Under Article 1913 of the Civil Code of 1928 for the Mexican Federal District and Territories, if a person has the use of mechanisms or instruments which are dangerous per se, by the speed they develop, or otherwise, he is obligated to answer for the damages he causes, even though he does not act illicitly, unless the damage is caused by the guilt or inexcusable negligence of the victim. The Mexican courts hold that an automobile is a dangerous mechanism or instrument within the meaning of this section and that a person injured by a motor vehicle is entitled to recover damages without regard to fault or negligence from both the owner and driver of the automobile. However, if liability exists only under Article 1913 ‘moral damages' are not recoverable. Since liability under Article 1910 was found to exist on the part of the drivers of both automobiles, it became immaterial whether liability under Article 1913 was found to exist as to them. Plaintiff, however, sought a judgment against John M. Sperry, owner of the Chevrolet automobile, for $4,601.97, under Article 1913. The trial court concluded that this article is contrary to the public policy of this State, is in substantial conflict with the law of this State, and should not be enforced. Judgment was entered in favor of defendant John M. Sperry.

Rudolph Victor appeals from the judgment (a) Insofar as it fails to award damages in excess of $6,135.96 as against defendants John C. Sperry and Edward Thornton; and (b) Insofar as it fails to award any damages against defendant John M. Sperry. The appeal is taken on the judgment roll and appellant does not dispute the correctness of the court's factual findings. He is in disagreement only with its conclusions as to the enforceability of the Mexican law. The court's knowledge of the Mexican law was acquired under section 1875, subdivision 4, of the Code of Civil Procedure, as amended, effective September 11, 1957. Letters from Dr. William B. Stern, Los Angeles County Foreign Law Librarian, and a Mexican law firm, were received in evidence and were made a part of the clerk's transcript on appeal.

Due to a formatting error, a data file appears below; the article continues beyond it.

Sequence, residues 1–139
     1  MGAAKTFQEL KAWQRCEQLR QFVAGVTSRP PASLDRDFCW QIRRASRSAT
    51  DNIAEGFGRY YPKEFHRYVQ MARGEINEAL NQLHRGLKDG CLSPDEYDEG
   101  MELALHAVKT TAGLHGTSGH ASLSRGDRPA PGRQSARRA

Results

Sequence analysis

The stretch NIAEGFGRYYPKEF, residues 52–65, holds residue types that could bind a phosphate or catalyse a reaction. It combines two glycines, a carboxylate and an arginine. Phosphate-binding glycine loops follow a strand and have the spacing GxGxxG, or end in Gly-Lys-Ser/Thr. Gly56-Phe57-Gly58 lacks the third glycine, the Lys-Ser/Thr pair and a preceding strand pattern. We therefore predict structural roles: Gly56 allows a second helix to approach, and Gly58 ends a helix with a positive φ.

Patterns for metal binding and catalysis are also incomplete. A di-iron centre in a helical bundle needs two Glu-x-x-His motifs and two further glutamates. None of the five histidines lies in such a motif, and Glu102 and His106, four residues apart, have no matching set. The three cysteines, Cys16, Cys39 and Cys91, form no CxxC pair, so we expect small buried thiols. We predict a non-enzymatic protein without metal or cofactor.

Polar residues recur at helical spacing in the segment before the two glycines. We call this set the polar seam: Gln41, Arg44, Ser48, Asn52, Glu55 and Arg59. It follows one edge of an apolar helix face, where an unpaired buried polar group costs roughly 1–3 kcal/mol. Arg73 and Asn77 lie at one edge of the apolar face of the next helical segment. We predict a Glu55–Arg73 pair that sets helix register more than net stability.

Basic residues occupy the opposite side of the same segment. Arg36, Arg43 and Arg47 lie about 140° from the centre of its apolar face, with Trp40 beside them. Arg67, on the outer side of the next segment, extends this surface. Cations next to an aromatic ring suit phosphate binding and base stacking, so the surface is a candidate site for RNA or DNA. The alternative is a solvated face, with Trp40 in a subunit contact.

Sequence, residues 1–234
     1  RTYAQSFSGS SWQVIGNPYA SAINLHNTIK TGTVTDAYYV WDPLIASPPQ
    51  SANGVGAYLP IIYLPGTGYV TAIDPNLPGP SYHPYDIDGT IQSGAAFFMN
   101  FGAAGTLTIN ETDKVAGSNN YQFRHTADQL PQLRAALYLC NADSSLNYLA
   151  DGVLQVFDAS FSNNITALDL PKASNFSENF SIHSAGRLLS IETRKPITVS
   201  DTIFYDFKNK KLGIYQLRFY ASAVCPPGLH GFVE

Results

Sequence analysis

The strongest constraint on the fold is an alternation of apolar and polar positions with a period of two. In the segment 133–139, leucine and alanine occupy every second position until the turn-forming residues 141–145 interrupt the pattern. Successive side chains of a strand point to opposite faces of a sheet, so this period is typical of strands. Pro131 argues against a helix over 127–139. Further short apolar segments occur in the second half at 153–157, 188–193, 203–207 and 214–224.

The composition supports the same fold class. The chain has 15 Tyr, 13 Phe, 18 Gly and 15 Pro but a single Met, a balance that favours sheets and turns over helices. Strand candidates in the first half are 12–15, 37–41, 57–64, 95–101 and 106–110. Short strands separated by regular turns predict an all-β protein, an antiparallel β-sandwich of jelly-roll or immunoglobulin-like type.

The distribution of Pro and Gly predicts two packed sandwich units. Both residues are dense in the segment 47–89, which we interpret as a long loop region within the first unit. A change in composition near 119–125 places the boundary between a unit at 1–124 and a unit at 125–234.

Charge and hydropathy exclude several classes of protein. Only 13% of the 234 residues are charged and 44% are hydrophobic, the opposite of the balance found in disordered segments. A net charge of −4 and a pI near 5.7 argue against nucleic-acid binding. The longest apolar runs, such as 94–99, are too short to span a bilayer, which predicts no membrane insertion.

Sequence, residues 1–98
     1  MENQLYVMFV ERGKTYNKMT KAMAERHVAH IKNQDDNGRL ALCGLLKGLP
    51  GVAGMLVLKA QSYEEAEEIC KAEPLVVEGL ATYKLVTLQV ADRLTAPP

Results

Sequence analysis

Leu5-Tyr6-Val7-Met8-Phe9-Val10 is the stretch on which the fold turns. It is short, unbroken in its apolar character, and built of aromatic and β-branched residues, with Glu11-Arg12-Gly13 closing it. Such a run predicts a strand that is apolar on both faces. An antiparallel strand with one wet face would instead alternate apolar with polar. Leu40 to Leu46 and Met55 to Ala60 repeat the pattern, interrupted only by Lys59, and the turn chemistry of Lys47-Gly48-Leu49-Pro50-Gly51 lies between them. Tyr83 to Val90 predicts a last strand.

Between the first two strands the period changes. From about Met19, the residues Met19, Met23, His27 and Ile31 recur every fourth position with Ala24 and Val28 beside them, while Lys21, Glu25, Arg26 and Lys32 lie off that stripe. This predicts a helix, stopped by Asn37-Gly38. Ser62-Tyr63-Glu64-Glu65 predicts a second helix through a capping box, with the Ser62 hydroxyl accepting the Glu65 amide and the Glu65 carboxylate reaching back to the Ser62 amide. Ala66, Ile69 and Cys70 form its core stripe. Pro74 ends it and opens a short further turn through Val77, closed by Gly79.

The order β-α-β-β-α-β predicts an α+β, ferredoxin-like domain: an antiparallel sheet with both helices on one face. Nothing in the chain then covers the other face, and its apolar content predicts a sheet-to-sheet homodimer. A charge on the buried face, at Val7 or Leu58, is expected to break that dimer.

The questions to be determined on this appeal are (1) Whether the limitations imposed by the Mexican law on the recovery of damages by plaintiff are enforceable by the courts of California; and (2) Whether the limited liability without fault created by Article 1913 of the Civil Code of 1928 for the Mexican Federal District and Territories, as amended, is contrary to the public policy of this State or to abstract justice or injurious to the welfare of the people of this State.

In 11 American Jurisprudence, Conflict of Laws, section 185, page 497, it is to the public policy of this State or to abstract of damages recoverable in an action for tort are governed by the law of the state in which the cause of action arises, and not by the law of the forum. And in 25 C.J.S. Damages § 4, page 462, it is said that the measure and elements of damages are, according to the general rule, regarded as controlled, in actions of tort, by the law of the place in which the act occasioning the injury is committed, while in actions of contract, the law of the place of the contract is to be resorted to, since such matters pertain to the substance of the right and not to the remedy. In Restatement, Conflict of Laws, section 412, pages 493 and 494, it is stated that the right to damages in compensation or punishment for tort is to be distinguished from the right of access to the courts and from the procedure to obtain the damages; that the creation of the right to have damages necessarily involves the measurement of that right insofar as the law can measure it; that while the actual finding of the amount of damages is a function of the jury or other fact finding body at the forum, the law that creates the right determines what items of loss are to be included in the damages; and that since the right is created by the law of the place of wrong, it is measured by that law. In 11 California Jurisprudence 2d, Conflict of Laws, section 99, page 205, it is said that the California cases are in substantial accord with the general rules declared by the Restatement that the measure of damages for a tort is determined by the place of the wrong, and for a breach of contract, by the law of the place of performance. In 13 California Law Review 318 it is said that a rule permitting the law of the forum to govern the measure of damages would afford the plaintiff an opportunity to increase substantive rights by choosing the jurisdiction allowing a maximum recovery.